Sarah blinked, breathing roughly. Everything appeared to be the same. She was still alone in her room, sitting on the edge of her bed, holding her old book. Once again, it seemed her overactive imagination was playing tricks on her. Maybe she really was crazy. Chuckling nervously, she let out a sigh of sweet relief.
Then, quite suddenly, a figure silently emerged out of the shadow next to her window.
Sarah wanted to scream, but no sound could escape her mouth. She gaped in horror as the figure stepped closer to her, finally bathed in the moonlight where she could recognize him for who he was.
There was no thunderstorm, no sneaking goblins in her room, no persistent owl clawing at her window and no shower of glitter signifying his entrance, but the Goblin King was no less impressive. If anything, he was more so.
Tall and imposing, he was exactly as she remembered him. He was clothed entirely in black, in the familiar open shirt and tight breeches paired with leather boots. A strange pendant gleamed at her from around the man's neck. A halo of platinum hair framed his hard-lined face like a circle of fire. His sharp teeth were set in a feral grin, and his mismatched eyes, one pupil larger than the other, bore into hers mercilessly.
The predator sizing up its prey.
"My dear Sarah," he drawled casually, his cultured accent caressing her name as if it were a lover's, "It has been far too long."
Sarah still couldn't speak. This wasn't real, it couldn't be. She was dreaming, or had finally lost it. How many times had she thought of seeing the Goblin King again?
Whether she was dreaming or not, the Goblin King smirked at her, taking another step forward. He raised an eyebrow.
"No tantrum? Dear me, has little Sarah lost her spark?"
Sarah frowned at his taunt and miraculously found her voice.
"Assuming you're not a figment of my imagination, Goblin King, what are you doing here? You are not welcome," she hissed.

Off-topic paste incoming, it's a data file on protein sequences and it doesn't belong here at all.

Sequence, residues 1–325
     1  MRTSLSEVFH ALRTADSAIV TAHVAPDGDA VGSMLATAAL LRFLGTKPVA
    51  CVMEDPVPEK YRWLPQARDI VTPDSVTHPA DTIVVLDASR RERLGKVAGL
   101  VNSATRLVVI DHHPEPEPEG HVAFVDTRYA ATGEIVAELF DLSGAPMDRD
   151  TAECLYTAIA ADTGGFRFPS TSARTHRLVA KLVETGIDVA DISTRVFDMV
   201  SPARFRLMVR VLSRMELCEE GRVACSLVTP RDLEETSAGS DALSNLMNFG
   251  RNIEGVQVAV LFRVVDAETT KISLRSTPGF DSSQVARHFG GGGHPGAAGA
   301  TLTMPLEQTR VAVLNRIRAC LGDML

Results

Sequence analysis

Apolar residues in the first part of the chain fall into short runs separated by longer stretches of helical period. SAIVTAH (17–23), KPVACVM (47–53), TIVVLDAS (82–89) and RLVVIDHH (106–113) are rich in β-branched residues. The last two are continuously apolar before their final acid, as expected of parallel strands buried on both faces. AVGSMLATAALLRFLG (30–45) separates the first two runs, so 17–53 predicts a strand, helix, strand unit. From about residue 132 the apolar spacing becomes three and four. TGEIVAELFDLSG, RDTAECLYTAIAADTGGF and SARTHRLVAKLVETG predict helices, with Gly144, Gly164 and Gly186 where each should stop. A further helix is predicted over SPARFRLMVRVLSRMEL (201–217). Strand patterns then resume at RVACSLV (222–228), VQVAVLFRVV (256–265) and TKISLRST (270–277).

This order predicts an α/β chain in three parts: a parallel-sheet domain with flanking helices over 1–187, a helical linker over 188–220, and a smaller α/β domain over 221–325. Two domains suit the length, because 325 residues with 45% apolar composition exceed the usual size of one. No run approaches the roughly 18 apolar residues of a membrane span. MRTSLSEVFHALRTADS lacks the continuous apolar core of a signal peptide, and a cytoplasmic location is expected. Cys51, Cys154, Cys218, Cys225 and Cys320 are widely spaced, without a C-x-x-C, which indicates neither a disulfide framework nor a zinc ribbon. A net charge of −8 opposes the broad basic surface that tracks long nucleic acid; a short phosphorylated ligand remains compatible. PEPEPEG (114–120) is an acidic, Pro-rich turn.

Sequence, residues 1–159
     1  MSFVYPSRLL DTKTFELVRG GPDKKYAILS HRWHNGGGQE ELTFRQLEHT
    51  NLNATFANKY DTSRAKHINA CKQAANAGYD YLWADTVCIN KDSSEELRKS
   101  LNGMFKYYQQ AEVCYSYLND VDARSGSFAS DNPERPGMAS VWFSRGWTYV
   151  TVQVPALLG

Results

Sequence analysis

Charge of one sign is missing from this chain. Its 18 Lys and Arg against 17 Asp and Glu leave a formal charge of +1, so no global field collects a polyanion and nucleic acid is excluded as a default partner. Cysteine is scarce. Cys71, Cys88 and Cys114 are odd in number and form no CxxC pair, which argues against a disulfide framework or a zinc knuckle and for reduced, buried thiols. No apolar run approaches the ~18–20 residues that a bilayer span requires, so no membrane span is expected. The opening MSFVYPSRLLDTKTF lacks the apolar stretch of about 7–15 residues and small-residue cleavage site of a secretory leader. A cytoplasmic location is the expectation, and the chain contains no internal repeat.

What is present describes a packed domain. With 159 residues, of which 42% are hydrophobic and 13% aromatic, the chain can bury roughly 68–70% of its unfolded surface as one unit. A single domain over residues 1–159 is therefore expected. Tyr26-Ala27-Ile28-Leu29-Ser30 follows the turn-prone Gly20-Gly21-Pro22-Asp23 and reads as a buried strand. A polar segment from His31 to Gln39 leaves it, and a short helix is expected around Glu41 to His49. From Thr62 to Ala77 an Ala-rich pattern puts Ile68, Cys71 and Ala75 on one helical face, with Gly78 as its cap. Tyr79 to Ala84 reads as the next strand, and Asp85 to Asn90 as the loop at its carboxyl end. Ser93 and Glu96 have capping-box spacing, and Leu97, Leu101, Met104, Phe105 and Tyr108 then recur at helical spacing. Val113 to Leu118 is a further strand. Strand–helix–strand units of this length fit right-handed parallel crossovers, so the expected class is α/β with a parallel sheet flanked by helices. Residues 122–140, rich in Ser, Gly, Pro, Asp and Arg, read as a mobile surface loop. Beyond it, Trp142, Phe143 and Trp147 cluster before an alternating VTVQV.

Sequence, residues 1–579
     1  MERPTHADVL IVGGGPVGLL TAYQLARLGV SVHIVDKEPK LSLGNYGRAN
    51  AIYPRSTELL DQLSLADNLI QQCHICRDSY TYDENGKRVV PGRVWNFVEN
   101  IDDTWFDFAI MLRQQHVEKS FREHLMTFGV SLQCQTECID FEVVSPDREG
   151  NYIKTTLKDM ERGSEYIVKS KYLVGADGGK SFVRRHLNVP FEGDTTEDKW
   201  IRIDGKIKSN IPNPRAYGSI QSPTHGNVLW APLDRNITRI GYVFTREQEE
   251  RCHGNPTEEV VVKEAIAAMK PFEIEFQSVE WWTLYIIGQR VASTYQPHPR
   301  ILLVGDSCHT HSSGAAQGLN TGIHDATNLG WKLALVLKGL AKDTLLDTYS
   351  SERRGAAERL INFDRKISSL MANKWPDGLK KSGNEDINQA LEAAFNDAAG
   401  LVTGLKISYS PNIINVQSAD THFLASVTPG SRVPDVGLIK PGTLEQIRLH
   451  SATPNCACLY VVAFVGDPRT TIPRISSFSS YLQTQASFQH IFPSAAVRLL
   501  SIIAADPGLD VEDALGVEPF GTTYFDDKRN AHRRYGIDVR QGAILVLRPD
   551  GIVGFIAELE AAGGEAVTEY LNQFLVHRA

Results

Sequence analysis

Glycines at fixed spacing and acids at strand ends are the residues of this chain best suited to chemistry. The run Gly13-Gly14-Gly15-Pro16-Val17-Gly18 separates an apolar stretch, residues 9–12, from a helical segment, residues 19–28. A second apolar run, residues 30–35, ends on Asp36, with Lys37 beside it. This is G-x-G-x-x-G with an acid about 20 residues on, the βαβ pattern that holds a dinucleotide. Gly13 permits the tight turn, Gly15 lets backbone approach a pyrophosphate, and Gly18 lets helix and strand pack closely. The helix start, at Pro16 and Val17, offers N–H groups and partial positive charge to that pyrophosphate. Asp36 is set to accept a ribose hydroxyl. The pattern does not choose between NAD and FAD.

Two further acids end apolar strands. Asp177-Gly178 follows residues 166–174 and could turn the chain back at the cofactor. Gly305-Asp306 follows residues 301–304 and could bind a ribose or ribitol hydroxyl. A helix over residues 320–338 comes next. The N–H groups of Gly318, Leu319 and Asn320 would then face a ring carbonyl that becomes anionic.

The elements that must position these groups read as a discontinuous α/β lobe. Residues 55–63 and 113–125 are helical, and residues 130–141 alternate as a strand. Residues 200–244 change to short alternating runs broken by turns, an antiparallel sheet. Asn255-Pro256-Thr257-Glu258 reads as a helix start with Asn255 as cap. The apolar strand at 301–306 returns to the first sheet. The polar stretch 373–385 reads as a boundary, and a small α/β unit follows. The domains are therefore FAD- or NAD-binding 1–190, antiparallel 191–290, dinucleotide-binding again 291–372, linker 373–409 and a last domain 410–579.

Jareth looked her up and down, a cold smile forming on his lips before he chuckled, his eyes glinting. Sarah felt some of her courage falter.
"Ah, but there you are wrong, Sarah, darling," he said smoothly, "You invited me here."
"No I most certainly did not!" shouted Sarah, leaping up from her seat on her bed.
"Yes, you did," replied Jareth, "You spoke my Fae name."
"So what?" she countered, "It's the first time I've even thought about you since the Labyrinth. So what if I remembered your worthless name?"
Jareth's expression grew dark, and in a flash, he was right in front of her, his strong grip twisting her arm. Sarah whimpered in pain, knowing she had gone too far.
"Do not lie to me, little Sarah," Jareth growled, "I am here because you wished it so, and now you can do nothing but accept the consequences of your foolish impulse."
"What? What are you talking about?" asked Sarah, her voice trembling in fear. He was too close to her. She could smell his scent; one of autumn and wild magic. She hated herself for it, but her knees grew weak.
Jareth smiled, bearing his sharp teeth, and leaned in to whisper in her ear,
"Time to go home, Sarah."
In a whirl of color, they were gone, the copy of Labyrinth lying open on the floor.
A/N: Well, that's chapter one. Like I said, I'd really appreciate any feedback. Best!